Jeremy Friedman Sees 5 Technologies Driving Innovation in Ed

Technology is changing education in a myriad of ways, according to the CEO of Schoology Jeremy Friedman. There are some techs, however, with the potential to really change the environment both in and out of the classroom — and in an editorial for Forbes’ CIO Network blog, Friedman names and describes them.

Cloud technologies will make a big difference to schools looking to bring down their infrastructure costs, Friedman believes. Instead of purchasing the hardware needed to support their teaching and collaborative platforms, schools can outsource these tasks to cloud providers. The ability to do that will also bolster blended and online learning efforts, as it will make academic materials accessible from anywhere in the world — all without costing schools or districts extra resources. Not to mention it will make aggregating resources, not only on the school level, but also district and even state levels, a much simpler task.

Many education technology and software vendors are already making preparations for the wholesale move to the cloud, as many are now transitioning from selling stand-alone software applications to becoming platform providers. They see their goal as providing cross-platform APIs that allow app developers, even some from the schools or districts themselves, to customize the learning experience in the way best suited to individual circumstances.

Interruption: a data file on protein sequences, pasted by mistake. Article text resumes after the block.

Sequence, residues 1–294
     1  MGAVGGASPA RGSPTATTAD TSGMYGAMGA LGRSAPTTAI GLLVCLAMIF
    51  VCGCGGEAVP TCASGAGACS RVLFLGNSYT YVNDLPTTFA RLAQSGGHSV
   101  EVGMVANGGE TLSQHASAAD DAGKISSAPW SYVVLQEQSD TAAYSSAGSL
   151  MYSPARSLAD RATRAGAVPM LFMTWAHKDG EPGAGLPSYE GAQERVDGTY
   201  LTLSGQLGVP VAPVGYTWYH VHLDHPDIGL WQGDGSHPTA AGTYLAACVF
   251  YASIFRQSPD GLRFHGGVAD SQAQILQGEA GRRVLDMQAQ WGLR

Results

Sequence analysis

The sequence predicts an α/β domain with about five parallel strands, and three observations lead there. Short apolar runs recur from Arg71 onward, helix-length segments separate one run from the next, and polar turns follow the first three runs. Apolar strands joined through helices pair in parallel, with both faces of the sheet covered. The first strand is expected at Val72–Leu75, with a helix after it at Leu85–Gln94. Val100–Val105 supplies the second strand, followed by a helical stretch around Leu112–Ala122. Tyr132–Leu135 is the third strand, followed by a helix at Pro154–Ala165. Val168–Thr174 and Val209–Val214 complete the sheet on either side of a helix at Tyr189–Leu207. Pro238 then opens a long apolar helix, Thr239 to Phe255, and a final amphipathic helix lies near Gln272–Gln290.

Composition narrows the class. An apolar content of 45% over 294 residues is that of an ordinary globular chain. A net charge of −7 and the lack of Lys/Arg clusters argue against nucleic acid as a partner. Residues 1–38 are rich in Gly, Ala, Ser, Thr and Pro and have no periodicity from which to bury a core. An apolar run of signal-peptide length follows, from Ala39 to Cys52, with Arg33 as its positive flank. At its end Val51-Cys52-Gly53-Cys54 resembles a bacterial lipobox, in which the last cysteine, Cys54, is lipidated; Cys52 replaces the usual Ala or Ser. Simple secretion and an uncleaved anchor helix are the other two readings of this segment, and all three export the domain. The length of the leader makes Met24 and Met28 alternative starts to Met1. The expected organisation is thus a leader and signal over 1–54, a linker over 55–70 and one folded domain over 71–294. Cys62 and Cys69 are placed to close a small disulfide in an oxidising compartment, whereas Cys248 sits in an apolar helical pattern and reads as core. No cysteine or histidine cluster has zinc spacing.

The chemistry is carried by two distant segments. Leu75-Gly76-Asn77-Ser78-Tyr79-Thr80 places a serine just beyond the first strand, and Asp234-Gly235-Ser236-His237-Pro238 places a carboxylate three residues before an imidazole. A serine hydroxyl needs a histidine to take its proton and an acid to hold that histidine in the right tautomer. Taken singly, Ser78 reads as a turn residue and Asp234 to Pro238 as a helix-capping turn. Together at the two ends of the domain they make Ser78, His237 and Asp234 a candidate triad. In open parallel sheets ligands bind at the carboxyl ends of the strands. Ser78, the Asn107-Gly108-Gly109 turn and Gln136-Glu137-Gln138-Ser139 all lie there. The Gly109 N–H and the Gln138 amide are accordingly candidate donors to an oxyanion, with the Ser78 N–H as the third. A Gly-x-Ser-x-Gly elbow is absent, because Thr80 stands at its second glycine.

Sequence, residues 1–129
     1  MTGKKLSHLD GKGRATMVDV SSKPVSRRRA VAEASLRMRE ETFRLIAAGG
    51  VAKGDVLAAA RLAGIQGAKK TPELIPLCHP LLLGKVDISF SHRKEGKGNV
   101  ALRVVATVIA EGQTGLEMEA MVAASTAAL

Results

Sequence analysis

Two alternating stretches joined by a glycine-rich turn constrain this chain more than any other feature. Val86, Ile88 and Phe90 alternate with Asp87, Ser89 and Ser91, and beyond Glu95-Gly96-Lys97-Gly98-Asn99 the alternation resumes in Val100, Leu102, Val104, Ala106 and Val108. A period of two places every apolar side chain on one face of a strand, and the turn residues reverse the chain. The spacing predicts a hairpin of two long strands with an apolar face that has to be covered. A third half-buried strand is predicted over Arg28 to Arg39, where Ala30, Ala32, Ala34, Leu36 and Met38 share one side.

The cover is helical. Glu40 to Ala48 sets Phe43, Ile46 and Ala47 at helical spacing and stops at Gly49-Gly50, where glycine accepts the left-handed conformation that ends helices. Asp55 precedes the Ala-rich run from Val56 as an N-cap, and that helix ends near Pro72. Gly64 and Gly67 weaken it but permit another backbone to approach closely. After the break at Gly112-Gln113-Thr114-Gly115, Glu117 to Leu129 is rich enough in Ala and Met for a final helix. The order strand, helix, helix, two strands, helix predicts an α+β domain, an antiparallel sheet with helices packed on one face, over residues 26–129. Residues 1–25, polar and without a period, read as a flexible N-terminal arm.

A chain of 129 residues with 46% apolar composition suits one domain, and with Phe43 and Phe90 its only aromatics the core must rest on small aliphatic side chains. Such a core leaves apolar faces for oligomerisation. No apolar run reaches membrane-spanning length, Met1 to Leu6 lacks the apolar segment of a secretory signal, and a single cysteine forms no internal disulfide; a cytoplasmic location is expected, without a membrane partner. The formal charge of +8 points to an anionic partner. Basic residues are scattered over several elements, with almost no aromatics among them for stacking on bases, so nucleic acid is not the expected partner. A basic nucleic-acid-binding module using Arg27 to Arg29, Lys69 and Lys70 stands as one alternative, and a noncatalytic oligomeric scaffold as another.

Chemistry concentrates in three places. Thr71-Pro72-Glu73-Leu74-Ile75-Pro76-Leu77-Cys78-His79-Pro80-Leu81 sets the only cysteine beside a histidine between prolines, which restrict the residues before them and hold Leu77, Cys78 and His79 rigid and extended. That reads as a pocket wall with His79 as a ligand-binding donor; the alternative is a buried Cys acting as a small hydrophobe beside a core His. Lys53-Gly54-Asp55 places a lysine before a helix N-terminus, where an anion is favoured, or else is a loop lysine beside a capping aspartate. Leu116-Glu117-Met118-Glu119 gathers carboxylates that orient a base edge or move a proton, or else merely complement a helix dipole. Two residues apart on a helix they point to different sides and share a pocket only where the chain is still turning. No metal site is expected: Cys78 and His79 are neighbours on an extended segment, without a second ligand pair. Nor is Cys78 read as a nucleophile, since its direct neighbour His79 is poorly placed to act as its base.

This vendor collaboration and openness encourages rapid innovation and content sharing that ultimately benefits all stakeholders. It also begins to open new distribution models for new companies looking to gain scale quickly, and new business models for those with widespread scale and reach.

Any technology that is platform-agnostic will gain more favor going forward as money-pinched schools increasingly embrace “bring your own device” policies, shifting the expense of purchasing hardware from themselves onto students. Products that can work equally well on iOS, Android and other common gadget operating systems will become much easier for districts to justify than those that require that schools use only one or a family of devices.

Adaptive learning is not necessarily new, but it is making its way directly to individuals in a more widespread fashion than ever before. Adaptive learning is popular because it offers students a more personalized learning experience. Technically, it is an educational method that uses computers as interactive teaching devices. Content and instruction are tailored to the skill level and needs of each student, which simultaneously helping to improve the teaching process in an automated manner.

The last one, gamification, has almost an equal number of supporters and detractors. It’s hard to argue with the fact that gaming develops certain skills considered key in improved learning outcomes. However, it is also often blamed for short attention spans in children that prevents them from settling down to long and tedious tasks often necessary for mastering a topic. Still, game-based learning is being embraced by many organizations that have a great deal of influence on education policy, such as the Bill & Melinda Gates Foundation which recently funded the Games, Learning and Assessment Lab.

According to the organization, GLASS Lab is “based on the understanding that digital games and simulations can support student learning by providing immediate feedback for students, teachers and parents on students’ progress toward established learning goals.”

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